Nancy O’Dell wishes to be excluded from this narrative.
The “Entertainment Tonight” host directly addressed the lewd comments that Donald Trump made about her in a 2005 tape published by The Washington Post on Friday, saying on air Monday that the tape “has thrown me in the middle of the political arena, of which I didn’t ask to be a part.”
The Republican presidential nominee used vulgar language 11 years ago to describe failed attempts to seduce a woman he referred to as “Nancy.” And while talking about groping and kissing women, he said, “When you’re a star, they let you do it. You can do anything.” Trump has since said those comments were “locker-room banter.”
On the air Monday, O’Dell said: “There is no room for objectification of women, or anyone for that matter, not even in the locker room. The conversation has got to change because everybody deserves respect no matter the gender or setting.”
She continued: “And as a mom, well I have to add that our kids, especially our young girls, need to know that their hard work, their achievements, their intelligence, their heart, are most important, and those things will not go unnoticed.”
O’Dell released a written statement the day after the tape of Trump was published. “Politics aside, I’m saddened that these comments still exist in our society at all. When I heard the comments yesterday, it was disappointing to hear such objectification of women,” she said. “As a woman who has worked very hard to establish her career, and as a mom, I feel I must speak out with the hope that as a society we will always strive to be better.”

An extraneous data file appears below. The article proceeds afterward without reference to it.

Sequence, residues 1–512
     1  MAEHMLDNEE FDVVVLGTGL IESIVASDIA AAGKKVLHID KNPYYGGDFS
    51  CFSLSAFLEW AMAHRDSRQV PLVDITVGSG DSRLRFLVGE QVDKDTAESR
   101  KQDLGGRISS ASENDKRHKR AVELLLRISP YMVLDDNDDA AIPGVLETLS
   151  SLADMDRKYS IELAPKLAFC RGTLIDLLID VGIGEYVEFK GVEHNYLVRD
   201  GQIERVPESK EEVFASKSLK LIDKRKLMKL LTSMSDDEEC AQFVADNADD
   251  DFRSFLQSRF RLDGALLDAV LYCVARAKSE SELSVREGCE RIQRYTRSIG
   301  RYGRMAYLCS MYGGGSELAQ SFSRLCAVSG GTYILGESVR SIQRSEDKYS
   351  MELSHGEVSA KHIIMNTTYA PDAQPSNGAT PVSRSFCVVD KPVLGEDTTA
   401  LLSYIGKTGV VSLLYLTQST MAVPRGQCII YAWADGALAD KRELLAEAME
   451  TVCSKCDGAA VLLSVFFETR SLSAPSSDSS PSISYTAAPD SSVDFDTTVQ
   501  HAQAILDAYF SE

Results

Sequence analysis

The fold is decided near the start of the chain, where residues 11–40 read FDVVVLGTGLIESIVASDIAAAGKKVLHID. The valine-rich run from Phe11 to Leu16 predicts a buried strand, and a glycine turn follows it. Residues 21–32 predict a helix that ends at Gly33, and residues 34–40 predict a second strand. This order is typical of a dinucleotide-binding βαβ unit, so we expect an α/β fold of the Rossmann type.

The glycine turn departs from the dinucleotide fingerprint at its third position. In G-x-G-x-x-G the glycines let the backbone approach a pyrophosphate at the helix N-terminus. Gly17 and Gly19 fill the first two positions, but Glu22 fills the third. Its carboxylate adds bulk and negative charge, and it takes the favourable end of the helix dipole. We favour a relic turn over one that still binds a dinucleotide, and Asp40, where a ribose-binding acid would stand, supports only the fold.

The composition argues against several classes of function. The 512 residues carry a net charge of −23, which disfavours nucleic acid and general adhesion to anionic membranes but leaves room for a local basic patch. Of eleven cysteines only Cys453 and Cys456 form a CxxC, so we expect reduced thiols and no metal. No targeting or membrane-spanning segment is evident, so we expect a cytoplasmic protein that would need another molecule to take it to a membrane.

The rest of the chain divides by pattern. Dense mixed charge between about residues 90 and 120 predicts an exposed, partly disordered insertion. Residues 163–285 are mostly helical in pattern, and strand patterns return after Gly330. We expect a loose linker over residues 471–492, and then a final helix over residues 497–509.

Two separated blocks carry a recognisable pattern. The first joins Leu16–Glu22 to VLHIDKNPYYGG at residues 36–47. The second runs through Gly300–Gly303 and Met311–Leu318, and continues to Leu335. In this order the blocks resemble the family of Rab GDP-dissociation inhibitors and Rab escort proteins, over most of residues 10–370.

In 2005, Trump was on a bus with Billy Bush of “Access Hollywood” before filming a promo for an upcoming “Days of Our Lives” cameo as a hot microphone captured their voices. Trump mentioned “Nancy,” saying, “I moved on her very heavily. In fact, I took her out furniture shopping.”
“She wanted to get some furniture. I said, ‘I’ll show you where they have some nice furniture,’ ” Trump added. “I moved on her like a b—-. But I couldn’t get there. And she was married. Then all of a sudden I see her, she’s now got the big phony t–s and everything. She’s totally changed her look.”
Trump and Bush also made comments about actress Arianne Zucker, who was waiting to escort the two men from the bus to the set. At one point, Trump suggested he may just start kissing the actress.
On Sunday, Zucker released a statement. She didn’t mention Trump or Bush by name.
“How we treat one another, whether behind closed doors, locker rooms or face to face, should be done with kindness, dignity and respect,” she said. “Unfortunately, there are too many people in power who abuse their position and disregard these simple principles and are rewarded for it.”
Trump was asked about his comments during Sunday night’s presidential debate, saying he did not do the things he said in the tape.
“You described kissing women without consent, grabbing their genitals. That is sexual assault,” moderator Anderson Cooper said. “You bragged that you have sexually assaulted women. Do you understand that?”
Trump responded: “No, I didn’t say that at all. I don’t think you understood what was — this was locker-room talk. I’m not proud of it. I apologize to my family. I apologize to the American people. Certainly I’m not proud of it. But this is locker room talk.”
The “locker-room banter” label has also kicked off a wave of pushback from athletes and sports journalists who frequent locker rooms and say that kind of conversation is rare in the spaces they frequent.
“As an athlete, I’ve been in locker rooms my entire adult life and, uh, that’s not locker-room talk,” tweeted Oakland A’s pitcher Sean Doolittle, 30.